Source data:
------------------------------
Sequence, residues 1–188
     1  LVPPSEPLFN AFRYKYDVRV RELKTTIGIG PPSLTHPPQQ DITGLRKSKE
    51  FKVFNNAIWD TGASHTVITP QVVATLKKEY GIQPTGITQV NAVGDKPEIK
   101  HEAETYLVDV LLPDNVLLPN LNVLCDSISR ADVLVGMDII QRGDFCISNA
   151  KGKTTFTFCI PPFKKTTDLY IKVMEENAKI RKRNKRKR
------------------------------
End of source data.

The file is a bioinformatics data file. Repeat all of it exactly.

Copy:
Sequence, residues 1–188
     1  LVPPSEPLFN AFRYKYDVRV RELKTTIGIG PPSLTHPPQQ DITGLRKSKE
    51  FKVFNNAIWD TGASHTVITP QVVATLKKEY GIQPTGITQV NAVGDKPEIK
   101  HEAETYLVDV LLPDNVLLPN LNVLCDSISR ADVLVGMDII QRGDFCISNA
   151  KGKTTFTFCI PPFKKTTDLY IKVMEENAKI RKRNKRKR